Scientists at Cold Spring Harbor Laboratory (CSHL) have identified 10 cancer drugs currently in clinical trials that do not work how clinicians thought they would. In identifying what went wrong, experts can now work to improve drug discovery and personalized medicine.
The discovery started out with an entirely different goal. Over the past few years, CSHL Fellow Jason Sheltzer’s lab has been working to identify genes tied to low survival rates among cancer patients. During this work, the researchers discovered that MELK, a protein often found in high levels in tumors, has absolutely no influence on cancer growth.
This was startling because dozens of academic papers had previously identified MELK as a cancer “addiction,” something absolutely essential for a cancer cell’s survival. Yet, when Sheltzer and his lab directly turned off MELK production with CRISPR gene-editing technology, affected cancer cells were unphased.
“To our great surprise, the cancer cells didn’t die,” Sheltzer reported last year. “They just didn’t care about MELK.”
After rigorously checking and rechecking their results, Sheltzer’s lab had to conclude that MELK is not the ideal cancer drug target it was touted to be.
At the time, Sheltzer and his colleagues warned research and medical communities that this may be a common problem, leading to any number of promising cancer drugs being mischaracterized. But to confirm their suspicions the researchers had to run a lot more tests.
“My intention was to investigate whether MELK was an aberration,” Sheltzer said. And he discovered that it was not.
In a new paper recently published in the journal Science Translational Medicine, a team of researchers led by Sheltzer and researchers Ann Lin and Chris Giuliano, detail how the “mechanism of action” of the 10 drugs were mischaracterized, just like MELK.
“The idea for many of these drugs is that they block the function of a certain protein in cancer cells. And what we showed is that most of these drugs don’t work by blocking the function of the protein that they were reported to block,” Sheltzer explained. “So that’s what I mean when I talk about mechanism of action.”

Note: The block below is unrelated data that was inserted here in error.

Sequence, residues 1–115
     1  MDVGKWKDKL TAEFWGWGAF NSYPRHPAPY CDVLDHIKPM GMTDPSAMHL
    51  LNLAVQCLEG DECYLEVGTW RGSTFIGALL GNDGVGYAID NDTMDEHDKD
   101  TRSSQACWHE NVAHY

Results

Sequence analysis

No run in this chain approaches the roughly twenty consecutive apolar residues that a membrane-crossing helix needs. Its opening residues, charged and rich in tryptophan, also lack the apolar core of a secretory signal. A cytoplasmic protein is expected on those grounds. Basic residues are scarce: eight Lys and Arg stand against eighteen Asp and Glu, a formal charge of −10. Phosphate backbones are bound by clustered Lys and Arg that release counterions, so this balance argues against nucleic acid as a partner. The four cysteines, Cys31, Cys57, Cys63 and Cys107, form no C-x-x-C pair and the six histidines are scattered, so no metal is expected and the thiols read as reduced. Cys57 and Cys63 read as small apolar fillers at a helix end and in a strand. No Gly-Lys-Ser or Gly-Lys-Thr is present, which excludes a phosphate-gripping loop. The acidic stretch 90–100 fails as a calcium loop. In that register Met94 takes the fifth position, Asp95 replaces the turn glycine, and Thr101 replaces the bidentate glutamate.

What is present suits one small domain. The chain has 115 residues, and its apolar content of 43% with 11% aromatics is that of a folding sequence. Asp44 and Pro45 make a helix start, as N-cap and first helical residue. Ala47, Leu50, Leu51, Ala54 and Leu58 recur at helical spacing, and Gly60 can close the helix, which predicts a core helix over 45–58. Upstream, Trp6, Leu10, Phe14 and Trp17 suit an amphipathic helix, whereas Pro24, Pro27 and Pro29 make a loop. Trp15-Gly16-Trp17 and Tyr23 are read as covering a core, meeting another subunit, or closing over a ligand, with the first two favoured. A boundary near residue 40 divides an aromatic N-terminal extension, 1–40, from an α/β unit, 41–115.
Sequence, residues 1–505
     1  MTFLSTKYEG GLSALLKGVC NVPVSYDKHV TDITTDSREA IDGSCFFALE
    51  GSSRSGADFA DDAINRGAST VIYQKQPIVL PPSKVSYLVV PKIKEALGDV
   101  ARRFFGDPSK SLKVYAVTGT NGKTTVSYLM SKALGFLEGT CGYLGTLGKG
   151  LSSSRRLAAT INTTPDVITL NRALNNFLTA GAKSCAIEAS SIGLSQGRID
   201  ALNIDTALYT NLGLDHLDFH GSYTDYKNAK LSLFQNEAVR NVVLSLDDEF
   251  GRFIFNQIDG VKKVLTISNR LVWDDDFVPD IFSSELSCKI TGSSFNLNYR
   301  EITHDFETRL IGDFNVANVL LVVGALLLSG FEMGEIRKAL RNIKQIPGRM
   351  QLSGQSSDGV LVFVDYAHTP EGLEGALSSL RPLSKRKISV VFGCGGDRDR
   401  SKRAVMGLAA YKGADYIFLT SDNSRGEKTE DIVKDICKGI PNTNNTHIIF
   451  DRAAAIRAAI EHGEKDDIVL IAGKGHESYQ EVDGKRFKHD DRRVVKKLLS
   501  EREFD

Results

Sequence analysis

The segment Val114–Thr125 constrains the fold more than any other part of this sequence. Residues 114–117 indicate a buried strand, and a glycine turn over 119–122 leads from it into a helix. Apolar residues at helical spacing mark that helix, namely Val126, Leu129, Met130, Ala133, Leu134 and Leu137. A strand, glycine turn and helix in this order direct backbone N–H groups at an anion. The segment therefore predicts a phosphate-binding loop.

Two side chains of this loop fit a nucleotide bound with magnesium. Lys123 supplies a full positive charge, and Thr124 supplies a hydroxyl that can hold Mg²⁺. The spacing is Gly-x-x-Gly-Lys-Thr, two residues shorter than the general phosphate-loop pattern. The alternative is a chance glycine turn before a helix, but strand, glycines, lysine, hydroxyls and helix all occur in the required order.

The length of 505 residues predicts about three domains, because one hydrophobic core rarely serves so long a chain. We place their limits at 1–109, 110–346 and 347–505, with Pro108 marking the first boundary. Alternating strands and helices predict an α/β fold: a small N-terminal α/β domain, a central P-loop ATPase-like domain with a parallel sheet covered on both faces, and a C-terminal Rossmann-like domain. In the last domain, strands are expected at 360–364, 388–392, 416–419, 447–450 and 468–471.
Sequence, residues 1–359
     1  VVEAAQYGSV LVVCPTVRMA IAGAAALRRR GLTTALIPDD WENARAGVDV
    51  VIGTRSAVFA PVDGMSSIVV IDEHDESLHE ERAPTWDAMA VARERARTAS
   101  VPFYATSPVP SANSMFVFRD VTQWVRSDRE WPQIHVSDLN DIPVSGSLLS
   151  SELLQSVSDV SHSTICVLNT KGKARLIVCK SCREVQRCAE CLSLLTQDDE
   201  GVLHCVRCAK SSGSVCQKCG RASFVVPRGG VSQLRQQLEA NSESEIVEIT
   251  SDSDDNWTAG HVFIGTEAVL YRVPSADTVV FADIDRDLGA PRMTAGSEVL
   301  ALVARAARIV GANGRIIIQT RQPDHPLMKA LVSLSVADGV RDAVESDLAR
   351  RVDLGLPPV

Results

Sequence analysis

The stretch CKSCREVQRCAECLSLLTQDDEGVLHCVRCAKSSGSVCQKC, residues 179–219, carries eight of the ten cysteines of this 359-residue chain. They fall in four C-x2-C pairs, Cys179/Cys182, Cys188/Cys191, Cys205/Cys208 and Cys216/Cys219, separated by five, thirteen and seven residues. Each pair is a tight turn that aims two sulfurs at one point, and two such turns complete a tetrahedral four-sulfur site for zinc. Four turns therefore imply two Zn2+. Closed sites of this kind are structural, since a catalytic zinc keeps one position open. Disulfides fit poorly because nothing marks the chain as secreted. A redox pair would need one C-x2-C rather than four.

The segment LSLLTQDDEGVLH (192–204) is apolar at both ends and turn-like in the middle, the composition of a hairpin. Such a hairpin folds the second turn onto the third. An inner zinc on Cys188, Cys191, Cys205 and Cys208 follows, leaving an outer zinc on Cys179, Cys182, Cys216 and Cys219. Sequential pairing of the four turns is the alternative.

All 10 of the drugs are currently being tested in clinical trials and involve about 1000 human cancer patients. And while they do appear capable of killing cancer cells, it’s just not in the way researchers had thought. So how can this be?
“In some sense, this is a story of this generation’s technology,” Sheltzer said.
Prior to CRISPR gene editing, the technique that most scientists used to interfere with the production of a specific protein was called RNA interference (RNAi). The method allowed researchers to prevent the instructions for producing a protein made by any one gene to be read by a cell. But unlike CRISPR, which can completely break or remove a specific gene, RNAi technologies only run interference. There is also the chance that the process will covertly interfere with the production of one of the thousands of other proteins found in a human cell.
That’s what Sheltzer and his colleagues suspected was happening not only with MELK but with the six other promising proteins targeted by those 10 experimental cancer drugs. Something was also being affected, and it was this off-target effect that was truly stopping cancer. Using the more accurate CRISPR technology, this was what his team set out to discover.
To do this, they took one of the 10 drugs—in this case, one which kills cancer cells by supposedly inhibiting the protein PBK. But Sheltzer found it was doing something very different.
“It turns out that this interaction with PBK has nothing to do with how it actually kills cancer cells,” Sheltzer said.
To find out the true anti-cancer mechanism of action, his team exposed cancer cells to “a very, very high concentration” of the PBK-targeting drug. The researchers then gave the cells plenty of time to develop a drug resistance.
“Cancers are highly genomically unstable. Because of this inherent instability, every cancer cell in a dish is different from the one next to it. A cancer cell which randomly acquires a genetic change that blocks the effectiveness of a drug will succeed where the others are killed,” Sheltzer explained. “We can take advantage of this. By identifying that genetic change, we also can identify how the drug was killing cancer.”
The team found that the cancer cells evolved their resistance by mutating the gene that produces the protein CDK11. The gene was mutated in such a way that the drug can no longer interact with it, much like a rusty gate may no longer lock with its key.
Along with some other confirmatory experiments, this told the team that CDK11 is the true mechanism of action against cancer. Armed with this knowledge, the researchers now hope to design even better drugs that target CDK11 more specifically.
“A lot of drugs that get tested in human cancer patients tragically don’t end up helping cancer patients,” Sheltzer said. “If this kind of evidence was routinely collected before drugs entered clinical trials, we might be able to do a better job assigning patients to therapies that are most likely to provide some benefit. With this knowledge, I believe we can better fulfill the promise of precision medicine.”
This research was supported by the National Institutes of Health, the Breast Cancer Alliance, the Damon Runyon Cancer Research Foundation, the Gates Foundation, and a CSHL-Northwell Translational Cancer Research Grant, with additional support from the National Science Foundation.
Lin et al, Off-target toxicity is a common mechanism of action of cancer drugs undergoing clinical trials, Science Translational Medicine, Sept. 11, 2019